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Doug Marrone explains passing near goal line on third and fourth down

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NFL: New England Patriots at Jacksonville Jaguars Jasen Vinlove-USA TODAY Sports

The Jacksonville Jaguars made several curious decisions on offense against the Kansas City Chiefs — moving away from the run early, force-feeding Donte Moncrief and Niles Paul the majority of targets — and one such situation came in the second quarter with Jacksonville driving and in Kansas City territory.

Down just 10-0, the Jaguars found themselves at the tail end of their first legitimate offensive drive. They were 11 plays and 72 yards in, getting down within three yards of the end zone.

It was 3rd-and-1 and Blake Bortles threw a jump ball to Donte Moncrief, a catch he’s not known for making, and it fell incomplete.

Then it was 4th-and-1 and the Jaguars went pass again. Pressure came around the left edge and Blake threw incomplete to Austin Seferian-Jenkins over the middle.

What was most surprising was that before those two plays, the Jaguars had run with a lot of success, gaining 51 of the drive’s 72 yards on the ground in just seven plays. All three active running backs contributed too in a variety of situations — Corey Grant had run inside for eight yards, T.J. Yeldon had run around the edge 20 yards on three carries, and Brandon Wilds never gained less than two yards on either of his carries, running out of the shotgun on one snap and behind center another.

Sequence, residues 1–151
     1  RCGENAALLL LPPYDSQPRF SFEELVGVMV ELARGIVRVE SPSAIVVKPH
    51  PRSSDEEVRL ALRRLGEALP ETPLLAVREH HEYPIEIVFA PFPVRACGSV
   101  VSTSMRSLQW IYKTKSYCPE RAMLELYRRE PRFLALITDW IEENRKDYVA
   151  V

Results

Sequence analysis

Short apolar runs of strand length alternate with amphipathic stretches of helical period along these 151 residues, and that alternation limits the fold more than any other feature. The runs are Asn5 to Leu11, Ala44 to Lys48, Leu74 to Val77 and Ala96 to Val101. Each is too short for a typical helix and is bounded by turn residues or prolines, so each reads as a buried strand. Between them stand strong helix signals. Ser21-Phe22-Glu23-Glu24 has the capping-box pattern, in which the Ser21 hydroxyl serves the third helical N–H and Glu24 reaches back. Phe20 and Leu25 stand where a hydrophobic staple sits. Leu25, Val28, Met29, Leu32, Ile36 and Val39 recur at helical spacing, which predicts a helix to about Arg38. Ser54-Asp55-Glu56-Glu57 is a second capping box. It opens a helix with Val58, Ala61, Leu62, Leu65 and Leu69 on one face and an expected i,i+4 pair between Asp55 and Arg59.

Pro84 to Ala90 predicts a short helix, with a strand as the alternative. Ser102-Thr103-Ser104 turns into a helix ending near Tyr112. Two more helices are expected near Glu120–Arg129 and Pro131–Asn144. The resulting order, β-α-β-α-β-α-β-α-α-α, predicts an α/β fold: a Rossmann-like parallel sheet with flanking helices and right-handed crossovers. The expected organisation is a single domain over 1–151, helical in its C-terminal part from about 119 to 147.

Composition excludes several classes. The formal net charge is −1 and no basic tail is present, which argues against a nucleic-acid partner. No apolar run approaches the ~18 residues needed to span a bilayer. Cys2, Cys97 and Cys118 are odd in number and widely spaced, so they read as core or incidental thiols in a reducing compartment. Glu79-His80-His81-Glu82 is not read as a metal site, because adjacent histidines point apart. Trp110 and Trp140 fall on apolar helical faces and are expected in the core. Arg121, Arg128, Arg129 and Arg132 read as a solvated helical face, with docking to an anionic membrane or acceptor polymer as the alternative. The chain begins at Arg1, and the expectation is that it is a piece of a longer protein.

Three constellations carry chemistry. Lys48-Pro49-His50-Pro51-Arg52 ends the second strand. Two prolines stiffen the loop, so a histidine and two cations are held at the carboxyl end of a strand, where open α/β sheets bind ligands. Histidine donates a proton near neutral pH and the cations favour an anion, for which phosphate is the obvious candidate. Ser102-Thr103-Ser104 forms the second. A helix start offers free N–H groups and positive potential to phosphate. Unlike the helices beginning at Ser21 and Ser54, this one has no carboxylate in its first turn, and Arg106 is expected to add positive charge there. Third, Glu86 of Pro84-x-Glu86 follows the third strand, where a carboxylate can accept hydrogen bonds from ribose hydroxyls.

The running backs had had success and the offensive line was getting push. The question begged to be asked — if you know you’re going for it, why are those the calls on third and fourth down.

Jaguars head coach Doug Marrone gave a brief response:

“We felt really comfortable it was going to be all out, cover zero which it was.”

First, that’s not really much of an explanation. There are ways to beat Cover Zero other than to pass.

But let’s talk about Cover Zero. Inside The Pylon has a good definition:

Cover 0 is a coverage scheme with zero deep defenders. This is an entirely man-to-man coverage shell that involves a heavy pass rush — normally six or more defenders. Accordingly, Cover 0 is also called a “zero blitz”. The goal is for pressure on the quarterback to disrupt the timing and progressions of the passing game, resulting in a sack or an errant throw.

Cover Zero is frequently used in goal line situations where there isn’t any deep field to defend. So let’s see how the Jaguars decide to attack it with just a yard to go for a first down.

Whether it’s a heavy goal line formation or spreading the formation out, why not give Yeldon a chance to do what he’d been doing up to that point? I hate to sound like a broken record but it had been working up to that point beautifully.

But if you’re going to pass on either of these downs, why aren’t you using Bortles’ mobility to take some of the pressure off the offensive line and allowing the play to extend and let the receivers shake their man coverage?

The simplest answer to it all is to just run the ball and live (or die) on what you’ve built this team to be from the very beginning of the season.